For Californians, that means anyone laid off or whose claim began after the end of September is unable to claim a federal extension because the deadline to file was Monday. If your 26-week claim ends after that, there is currently no further (Tier 5, it would be if it existed) extension, though you might qualify for a separate federal claim.
The EDD has addressed these concerns on their site but does not offer a great deal of optimism. It is strongly recommended that you read this page to see where you may fall in terms of deadline and extension dates. Some excerpts:
The U.S. Congress is on recess and is not scheduled to return until April 12, 2010 to address the filing deadlines for federal extensions of Unemployment Insurance (UI) benefits.That means the upcoming filing deadlines on extensions remain unchanged for now. While the immediate effect on the 1.5 million people currently claiming UI benefits in California is limited due to some continuation of benefits in most cases, the impact could become much greater if Congress does not act as soon as it returns.
For the More Recently Unemployed
Someone who receives their last payment on their regular UI claim for a week that ends after Saturday, March 27, 2010 will not be eligible to start one of the four federal extensions currently available because the filing deadline for the first extension in the chain is Sunday, March 28, 2010. Such a situation would apply to someone who started a typical 26-week regular state claim any time after September 20, 2009.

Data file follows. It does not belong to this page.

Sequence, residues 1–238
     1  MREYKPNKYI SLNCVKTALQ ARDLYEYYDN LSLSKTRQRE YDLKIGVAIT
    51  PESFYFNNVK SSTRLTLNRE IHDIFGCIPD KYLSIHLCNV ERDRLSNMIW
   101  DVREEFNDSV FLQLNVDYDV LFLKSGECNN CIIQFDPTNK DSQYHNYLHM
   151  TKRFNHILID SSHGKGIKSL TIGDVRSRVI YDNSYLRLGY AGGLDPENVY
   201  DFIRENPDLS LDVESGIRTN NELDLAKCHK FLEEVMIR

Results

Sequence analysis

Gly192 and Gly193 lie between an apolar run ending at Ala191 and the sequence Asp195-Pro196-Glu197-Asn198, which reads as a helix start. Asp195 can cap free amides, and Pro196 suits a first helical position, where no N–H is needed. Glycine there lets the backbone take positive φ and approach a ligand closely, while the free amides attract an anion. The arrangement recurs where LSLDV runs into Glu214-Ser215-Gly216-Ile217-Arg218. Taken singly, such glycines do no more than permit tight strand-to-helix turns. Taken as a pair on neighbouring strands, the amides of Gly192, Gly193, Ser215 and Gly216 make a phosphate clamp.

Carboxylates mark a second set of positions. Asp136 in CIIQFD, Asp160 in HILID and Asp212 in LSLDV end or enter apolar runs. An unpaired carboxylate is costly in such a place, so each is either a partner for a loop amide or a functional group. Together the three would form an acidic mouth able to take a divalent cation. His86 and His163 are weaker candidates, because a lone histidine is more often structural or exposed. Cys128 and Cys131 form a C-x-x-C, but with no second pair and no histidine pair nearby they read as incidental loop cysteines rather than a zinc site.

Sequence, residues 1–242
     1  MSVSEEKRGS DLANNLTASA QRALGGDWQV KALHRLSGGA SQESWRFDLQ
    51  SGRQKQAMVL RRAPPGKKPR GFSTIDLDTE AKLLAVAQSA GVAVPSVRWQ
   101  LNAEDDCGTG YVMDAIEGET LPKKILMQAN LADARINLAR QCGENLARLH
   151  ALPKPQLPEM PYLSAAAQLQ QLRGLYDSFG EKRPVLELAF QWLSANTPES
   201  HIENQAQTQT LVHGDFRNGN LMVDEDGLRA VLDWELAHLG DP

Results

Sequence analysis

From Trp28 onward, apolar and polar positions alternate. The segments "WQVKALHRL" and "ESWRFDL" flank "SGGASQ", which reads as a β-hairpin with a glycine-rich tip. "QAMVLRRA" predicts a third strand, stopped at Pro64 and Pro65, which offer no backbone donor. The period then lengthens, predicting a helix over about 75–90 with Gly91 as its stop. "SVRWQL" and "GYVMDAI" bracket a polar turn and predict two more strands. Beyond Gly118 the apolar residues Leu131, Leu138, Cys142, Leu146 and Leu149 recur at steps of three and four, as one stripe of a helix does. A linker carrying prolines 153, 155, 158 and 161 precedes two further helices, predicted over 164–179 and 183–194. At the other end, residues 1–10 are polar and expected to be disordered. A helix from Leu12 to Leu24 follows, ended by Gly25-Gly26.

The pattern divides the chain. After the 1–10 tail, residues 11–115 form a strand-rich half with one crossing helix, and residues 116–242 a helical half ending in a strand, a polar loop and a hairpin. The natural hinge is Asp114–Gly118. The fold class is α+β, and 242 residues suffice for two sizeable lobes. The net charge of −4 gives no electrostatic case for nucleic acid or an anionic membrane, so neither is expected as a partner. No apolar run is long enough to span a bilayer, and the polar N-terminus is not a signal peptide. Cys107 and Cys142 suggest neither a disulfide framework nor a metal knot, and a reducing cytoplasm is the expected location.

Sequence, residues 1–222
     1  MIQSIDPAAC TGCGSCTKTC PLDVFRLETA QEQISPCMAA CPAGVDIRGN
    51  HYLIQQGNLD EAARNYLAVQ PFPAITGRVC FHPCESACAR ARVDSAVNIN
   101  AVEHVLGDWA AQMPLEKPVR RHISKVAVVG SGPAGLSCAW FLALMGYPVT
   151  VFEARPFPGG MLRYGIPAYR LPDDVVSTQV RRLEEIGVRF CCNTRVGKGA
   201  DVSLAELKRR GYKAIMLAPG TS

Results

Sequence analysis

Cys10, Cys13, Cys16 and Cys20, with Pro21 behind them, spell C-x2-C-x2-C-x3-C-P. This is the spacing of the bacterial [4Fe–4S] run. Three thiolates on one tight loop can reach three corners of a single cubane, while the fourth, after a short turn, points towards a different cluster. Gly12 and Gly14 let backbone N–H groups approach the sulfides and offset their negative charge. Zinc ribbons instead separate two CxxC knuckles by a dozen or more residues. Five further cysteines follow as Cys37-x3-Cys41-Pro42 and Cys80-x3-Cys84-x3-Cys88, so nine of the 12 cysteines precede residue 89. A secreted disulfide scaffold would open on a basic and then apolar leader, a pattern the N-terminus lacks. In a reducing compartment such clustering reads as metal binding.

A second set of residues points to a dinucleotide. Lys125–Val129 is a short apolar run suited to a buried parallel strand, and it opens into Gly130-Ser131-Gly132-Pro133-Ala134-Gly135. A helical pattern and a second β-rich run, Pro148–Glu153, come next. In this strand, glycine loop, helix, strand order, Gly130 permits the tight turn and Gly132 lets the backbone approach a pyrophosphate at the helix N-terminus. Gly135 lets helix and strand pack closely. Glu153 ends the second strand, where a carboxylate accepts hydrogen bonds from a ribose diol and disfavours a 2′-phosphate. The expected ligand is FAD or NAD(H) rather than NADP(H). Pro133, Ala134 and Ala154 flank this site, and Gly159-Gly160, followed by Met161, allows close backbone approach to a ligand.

However, even after that date, someone could still possibly qualify for the separate FED-ED extension of benefits if they haven’t already collected on this special extension. Learn more about the FED-ED extension program which provides up to 20 weeks of additional benefits. A FED-ED extension on top of a regular state UI claim (up to 26 weeks) brings the maximum total of benefits available to 46 weeks if the individual is prevented from qualifying for the other federal extensions. [Here’s Why felt a soaring hope at this point, which was shot down in the excerpt below under “For Those Already on a Federal Extension”.]
It is possible though that if federal filing deadlines and 100% federal financing are not extended, rules governing the FED-ED extension program will reduce the total benefits available from 20 weeks to 13 weeks. That could occur after Saturday, April 17, 2010. Because of this rapidly developing situation, you are encouraged to closely monitor this EDD Web site for the latest updates.
For Those Already on a Federal Extension
Since no revision on the filing deadlines for the federal extensions is expected at least for a few more weeks, the filing deadline for beginning a second, third, or fourth federal extension remains Sunday, April 4, 2010. On that day, whatever extension an unemployed worker is on, they will be able to continue to collect the benefit weeks associated with that extension. However, they will not be able to file for any further extension of benefits unless Congress is able to quickly extend the filing deadlines. That in essence would limit the total number of benefit weeks available to unemployed workers.
There’s much more, so please do check the entire page to see where you might fall.